Kalter feels that Marietta would be a perfect town for having bike police. On a bike, officers would have an awareness of things and develop personal relationships that can’t be gained any other way.
Those on foot enjoyed hiking in many locations including the Broughtons Nature and Wildlife Education Area. According to long-time board member Dale Leeper, the area has a 800 acre footprint just outside of Marietta off of Ohio 821. The area offers miles of trails for walking, hiking, running and mountain biking.
On Saturday, two Rivers Trails & Ales Festival hikes took place at Broughtons depending upon skill level. Washington County Commissioner David White led the less experienced hikers.
“Hiking is my forte, I love to hike,” said White. “With this hike, we take a few breaks and I teach them about mushrooms and things of nature along the way. I encourage people to get out in the forest and hike and learn about their surroundings.”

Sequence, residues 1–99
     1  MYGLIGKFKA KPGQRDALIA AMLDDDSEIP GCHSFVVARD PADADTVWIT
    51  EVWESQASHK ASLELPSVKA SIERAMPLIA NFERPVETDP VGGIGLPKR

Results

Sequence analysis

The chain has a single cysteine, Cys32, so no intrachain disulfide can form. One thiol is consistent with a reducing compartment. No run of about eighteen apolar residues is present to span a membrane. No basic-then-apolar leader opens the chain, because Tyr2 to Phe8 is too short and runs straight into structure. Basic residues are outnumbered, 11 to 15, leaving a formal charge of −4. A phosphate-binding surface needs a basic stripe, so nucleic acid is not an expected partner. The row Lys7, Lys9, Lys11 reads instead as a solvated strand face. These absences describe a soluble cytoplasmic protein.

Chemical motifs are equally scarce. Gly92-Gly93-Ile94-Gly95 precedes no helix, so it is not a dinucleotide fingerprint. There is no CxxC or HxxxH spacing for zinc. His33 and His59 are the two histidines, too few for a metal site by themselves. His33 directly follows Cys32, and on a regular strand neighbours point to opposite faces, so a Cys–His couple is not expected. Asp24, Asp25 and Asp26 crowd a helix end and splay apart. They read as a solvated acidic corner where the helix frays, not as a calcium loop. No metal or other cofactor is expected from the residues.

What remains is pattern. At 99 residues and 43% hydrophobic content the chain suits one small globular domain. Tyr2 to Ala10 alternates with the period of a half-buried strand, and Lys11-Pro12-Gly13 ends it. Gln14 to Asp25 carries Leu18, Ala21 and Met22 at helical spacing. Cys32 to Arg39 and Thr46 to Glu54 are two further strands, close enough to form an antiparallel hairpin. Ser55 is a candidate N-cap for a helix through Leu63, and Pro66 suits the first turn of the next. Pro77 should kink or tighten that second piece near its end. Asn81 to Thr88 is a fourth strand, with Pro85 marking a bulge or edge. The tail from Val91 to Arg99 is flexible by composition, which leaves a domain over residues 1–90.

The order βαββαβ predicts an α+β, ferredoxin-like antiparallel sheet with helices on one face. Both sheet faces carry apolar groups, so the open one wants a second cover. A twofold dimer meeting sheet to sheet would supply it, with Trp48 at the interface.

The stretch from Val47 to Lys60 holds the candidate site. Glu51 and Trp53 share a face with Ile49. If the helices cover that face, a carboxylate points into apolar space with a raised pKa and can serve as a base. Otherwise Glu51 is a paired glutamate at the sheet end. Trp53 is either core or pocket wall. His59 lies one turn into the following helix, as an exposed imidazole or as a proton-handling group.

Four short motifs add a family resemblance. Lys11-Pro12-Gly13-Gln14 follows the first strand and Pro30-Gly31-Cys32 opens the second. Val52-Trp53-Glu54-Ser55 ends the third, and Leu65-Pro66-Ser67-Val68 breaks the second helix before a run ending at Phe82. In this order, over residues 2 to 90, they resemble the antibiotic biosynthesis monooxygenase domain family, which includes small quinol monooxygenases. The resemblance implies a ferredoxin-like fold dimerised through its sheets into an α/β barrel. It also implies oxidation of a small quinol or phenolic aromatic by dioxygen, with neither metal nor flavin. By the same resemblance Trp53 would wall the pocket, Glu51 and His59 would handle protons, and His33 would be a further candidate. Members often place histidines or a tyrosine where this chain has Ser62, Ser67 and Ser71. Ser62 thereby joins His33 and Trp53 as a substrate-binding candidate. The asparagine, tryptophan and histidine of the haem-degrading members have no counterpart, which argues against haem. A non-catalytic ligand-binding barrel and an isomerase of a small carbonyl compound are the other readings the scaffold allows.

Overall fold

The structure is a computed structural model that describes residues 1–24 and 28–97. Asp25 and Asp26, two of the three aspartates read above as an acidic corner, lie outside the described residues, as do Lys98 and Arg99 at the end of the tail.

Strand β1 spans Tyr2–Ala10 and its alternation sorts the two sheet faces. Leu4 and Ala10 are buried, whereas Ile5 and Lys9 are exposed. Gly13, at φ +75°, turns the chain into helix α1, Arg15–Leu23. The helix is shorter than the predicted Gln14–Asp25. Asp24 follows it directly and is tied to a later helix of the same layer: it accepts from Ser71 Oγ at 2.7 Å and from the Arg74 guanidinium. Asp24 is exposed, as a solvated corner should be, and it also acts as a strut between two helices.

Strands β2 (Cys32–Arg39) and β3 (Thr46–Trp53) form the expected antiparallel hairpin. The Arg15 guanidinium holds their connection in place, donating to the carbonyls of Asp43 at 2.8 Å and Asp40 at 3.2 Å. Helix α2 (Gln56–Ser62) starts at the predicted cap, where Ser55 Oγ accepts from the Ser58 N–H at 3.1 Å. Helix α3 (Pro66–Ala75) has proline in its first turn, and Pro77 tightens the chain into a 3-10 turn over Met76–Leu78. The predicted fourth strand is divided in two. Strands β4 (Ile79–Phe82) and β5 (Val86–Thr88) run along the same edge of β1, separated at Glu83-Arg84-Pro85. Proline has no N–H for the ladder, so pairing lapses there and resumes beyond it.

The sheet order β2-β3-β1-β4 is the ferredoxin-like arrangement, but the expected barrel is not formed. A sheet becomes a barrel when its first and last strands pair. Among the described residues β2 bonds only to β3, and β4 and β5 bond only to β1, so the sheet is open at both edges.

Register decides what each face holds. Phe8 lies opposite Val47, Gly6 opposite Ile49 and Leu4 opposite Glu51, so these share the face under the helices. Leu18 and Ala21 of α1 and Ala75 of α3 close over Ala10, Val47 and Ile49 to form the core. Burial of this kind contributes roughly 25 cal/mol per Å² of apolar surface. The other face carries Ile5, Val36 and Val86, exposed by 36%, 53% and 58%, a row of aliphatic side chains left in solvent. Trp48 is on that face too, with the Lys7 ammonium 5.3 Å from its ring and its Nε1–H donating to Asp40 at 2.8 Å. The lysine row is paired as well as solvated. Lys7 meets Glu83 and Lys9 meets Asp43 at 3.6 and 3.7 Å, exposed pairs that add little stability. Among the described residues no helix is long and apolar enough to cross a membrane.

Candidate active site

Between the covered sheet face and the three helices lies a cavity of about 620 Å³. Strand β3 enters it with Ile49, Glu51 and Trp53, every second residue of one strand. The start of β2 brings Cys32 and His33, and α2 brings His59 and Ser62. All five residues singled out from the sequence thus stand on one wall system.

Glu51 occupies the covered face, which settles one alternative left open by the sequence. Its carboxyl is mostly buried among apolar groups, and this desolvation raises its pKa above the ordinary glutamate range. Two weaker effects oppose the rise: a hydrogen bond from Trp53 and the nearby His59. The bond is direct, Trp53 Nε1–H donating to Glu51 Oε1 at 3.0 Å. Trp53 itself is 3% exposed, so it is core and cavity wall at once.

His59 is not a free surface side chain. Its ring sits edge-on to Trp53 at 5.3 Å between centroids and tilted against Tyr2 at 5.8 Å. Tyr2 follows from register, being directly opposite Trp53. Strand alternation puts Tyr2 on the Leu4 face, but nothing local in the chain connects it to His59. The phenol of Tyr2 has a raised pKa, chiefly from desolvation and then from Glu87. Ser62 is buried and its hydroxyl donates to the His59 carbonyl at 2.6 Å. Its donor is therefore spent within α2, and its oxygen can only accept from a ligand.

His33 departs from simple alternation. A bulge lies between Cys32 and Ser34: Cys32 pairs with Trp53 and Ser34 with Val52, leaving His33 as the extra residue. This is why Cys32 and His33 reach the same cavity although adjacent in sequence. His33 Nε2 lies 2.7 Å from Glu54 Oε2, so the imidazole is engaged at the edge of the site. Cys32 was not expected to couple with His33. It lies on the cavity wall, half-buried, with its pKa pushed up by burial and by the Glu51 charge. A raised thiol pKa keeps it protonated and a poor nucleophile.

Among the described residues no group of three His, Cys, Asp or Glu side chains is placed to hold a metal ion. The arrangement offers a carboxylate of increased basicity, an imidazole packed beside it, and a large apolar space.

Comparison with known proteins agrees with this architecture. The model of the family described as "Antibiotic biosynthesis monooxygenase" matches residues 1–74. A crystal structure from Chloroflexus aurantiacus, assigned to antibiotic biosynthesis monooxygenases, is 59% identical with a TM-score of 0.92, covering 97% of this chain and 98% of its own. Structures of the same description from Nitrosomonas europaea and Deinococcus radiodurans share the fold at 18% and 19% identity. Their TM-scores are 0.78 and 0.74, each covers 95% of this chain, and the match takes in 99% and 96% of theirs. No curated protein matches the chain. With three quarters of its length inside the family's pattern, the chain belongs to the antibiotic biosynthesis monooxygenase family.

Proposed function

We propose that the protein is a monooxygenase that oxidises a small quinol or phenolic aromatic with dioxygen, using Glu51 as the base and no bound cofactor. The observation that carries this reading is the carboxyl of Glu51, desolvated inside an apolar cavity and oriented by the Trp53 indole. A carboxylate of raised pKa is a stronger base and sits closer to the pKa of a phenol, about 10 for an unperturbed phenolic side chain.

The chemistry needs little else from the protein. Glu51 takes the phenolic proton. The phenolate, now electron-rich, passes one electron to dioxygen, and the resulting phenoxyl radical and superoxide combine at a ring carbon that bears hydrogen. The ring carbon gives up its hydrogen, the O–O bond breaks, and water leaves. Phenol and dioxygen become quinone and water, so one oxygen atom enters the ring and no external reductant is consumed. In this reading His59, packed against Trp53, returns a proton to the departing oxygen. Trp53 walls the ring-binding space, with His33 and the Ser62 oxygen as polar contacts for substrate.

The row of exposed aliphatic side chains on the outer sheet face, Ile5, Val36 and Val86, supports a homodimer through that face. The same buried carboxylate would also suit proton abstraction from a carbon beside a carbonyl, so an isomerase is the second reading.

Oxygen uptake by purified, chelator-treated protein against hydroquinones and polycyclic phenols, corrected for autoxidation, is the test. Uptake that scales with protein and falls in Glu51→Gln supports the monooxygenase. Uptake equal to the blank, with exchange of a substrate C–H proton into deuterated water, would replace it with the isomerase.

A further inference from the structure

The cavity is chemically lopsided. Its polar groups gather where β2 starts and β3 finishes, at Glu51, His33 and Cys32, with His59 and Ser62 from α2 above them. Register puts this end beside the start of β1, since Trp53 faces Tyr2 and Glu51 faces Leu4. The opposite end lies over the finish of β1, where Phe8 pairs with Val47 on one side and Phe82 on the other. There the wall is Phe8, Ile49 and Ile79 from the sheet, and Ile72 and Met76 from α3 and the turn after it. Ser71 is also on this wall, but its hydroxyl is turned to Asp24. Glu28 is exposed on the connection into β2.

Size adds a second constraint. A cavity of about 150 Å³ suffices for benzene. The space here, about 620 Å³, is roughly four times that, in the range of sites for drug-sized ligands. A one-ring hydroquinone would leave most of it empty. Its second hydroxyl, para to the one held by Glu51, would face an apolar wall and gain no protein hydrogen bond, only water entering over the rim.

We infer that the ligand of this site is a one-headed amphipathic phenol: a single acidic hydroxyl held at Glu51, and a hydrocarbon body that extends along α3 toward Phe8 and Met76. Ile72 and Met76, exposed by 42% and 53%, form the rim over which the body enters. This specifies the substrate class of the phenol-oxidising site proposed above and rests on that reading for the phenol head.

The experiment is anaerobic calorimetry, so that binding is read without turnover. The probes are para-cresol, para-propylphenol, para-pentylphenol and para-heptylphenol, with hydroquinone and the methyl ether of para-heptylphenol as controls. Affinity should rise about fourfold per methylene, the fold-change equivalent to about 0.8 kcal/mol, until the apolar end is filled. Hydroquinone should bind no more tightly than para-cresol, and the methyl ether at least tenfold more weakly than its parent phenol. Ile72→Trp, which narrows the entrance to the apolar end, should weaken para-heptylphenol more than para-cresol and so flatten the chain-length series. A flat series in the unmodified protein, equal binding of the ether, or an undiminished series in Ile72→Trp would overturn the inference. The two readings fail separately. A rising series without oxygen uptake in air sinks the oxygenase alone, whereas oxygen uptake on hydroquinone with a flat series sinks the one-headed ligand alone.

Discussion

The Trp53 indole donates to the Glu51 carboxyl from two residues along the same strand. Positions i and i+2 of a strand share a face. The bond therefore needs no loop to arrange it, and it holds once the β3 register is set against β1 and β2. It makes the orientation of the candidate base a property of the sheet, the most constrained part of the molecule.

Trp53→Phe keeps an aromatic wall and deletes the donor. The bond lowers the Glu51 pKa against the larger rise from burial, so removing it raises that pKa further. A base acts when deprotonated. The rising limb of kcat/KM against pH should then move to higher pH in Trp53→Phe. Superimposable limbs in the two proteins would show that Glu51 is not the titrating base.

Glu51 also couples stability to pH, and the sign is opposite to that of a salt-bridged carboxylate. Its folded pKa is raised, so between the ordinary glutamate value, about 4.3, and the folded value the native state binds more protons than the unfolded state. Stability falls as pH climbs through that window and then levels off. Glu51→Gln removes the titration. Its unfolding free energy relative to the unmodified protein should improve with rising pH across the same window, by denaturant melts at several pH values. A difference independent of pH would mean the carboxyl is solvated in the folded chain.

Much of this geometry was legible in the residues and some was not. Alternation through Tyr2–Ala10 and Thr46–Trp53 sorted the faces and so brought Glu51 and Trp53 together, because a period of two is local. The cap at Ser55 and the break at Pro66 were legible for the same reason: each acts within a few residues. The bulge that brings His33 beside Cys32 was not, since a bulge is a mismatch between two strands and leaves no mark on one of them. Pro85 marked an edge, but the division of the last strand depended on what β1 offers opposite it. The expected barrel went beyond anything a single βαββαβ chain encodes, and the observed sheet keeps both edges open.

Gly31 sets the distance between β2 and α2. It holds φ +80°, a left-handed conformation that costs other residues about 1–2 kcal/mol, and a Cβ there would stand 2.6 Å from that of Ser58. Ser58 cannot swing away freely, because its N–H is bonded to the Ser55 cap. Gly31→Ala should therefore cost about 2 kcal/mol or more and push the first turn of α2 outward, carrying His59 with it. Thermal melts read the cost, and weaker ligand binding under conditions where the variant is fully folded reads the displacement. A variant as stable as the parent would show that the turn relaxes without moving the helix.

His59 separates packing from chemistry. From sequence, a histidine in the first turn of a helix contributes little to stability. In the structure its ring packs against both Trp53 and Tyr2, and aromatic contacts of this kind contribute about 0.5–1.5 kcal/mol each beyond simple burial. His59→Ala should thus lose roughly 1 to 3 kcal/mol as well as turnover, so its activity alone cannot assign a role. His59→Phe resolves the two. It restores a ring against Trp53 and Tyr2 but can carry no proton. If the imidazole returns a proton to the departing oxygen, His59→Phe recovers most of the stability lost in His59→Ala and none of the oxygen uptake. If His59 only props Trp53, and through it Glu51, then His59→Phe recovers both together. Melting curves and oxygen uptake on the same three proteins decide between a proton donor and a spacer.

Chuck and Kathy Davis, of Whipple, were a couple of the people that joined White on the hike. Chuck said his wife has been wanting to do this and saw it listed.
“This is a nice easy hike and it’s a nice day for it, it’s nice and cool,” he said.
The festival also included many other fun activities including a Gnome adventure, a scavenger hunt, a bike rodeo, yoga, a family fun ride and a parade.
The Beer Fest on Saturday afternoon in Muskingum Park was a great way to finish an active day. The Beer Fest featured 15 different beers from 66 different breweries in Ohio. Samplers enjoyed tasting their beer in small keepsake glasses. Food trucks, vendors and entertainment were also in the park adding to the experience.
An admitted passionate home brewer that got obsessed, Cameron Fuller, of Devil’s Kettle Brewery in Athens, said he has now been in business four years. One of his offerings this year included “Helles Awaits,” a German light lager.
“This spot is beautiful right near the river and the organizers are the most organized and friendliest of any festival that I’ve been a part of,” said Fuller. “I love this festival.”